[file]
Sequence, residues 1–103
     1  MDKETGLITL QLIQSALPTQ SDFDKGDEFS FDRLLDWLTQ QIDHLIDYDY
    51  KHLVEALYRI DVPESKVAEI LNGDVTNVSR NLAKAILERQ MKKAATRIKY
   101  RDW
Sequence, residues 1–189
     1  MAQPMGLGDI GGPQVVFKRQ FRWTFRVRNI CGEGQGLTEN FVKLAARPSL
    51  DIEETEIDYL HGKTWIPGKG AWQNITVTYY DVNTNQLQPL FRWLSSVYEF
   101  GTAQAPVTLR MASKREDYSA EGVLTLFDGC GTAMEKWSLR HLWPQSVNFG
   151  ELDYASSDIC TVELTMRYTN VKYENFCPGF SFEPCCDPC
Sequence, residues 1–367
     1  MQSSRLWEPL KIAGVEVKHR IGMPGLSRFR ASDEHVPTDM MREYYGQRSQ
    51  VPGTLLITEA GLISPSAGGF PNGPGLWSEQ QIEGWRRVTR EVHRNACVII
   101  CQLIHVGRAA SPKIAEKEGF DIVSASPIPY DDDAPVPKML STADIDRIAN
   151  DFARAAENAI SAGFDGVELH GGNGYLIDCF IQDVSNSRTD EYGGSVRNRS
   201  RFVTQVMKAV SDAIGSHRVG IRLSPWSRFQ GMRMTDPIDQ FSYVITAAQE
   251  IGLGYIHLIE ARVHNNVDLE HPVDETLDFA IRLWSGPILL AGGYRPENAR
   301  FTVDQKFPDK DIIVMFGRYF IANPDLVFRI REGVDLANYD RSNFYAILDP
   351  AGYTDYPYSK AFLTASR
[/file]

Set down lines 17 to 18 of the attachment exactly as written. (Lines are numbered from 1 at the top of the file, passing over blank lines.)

   301  FTVDQKFPDK DIIVMFGRYF IANPDLVFRI REGVDLANYD RSNFYAILDP
   351  AGYTDYPYSK AFLTASR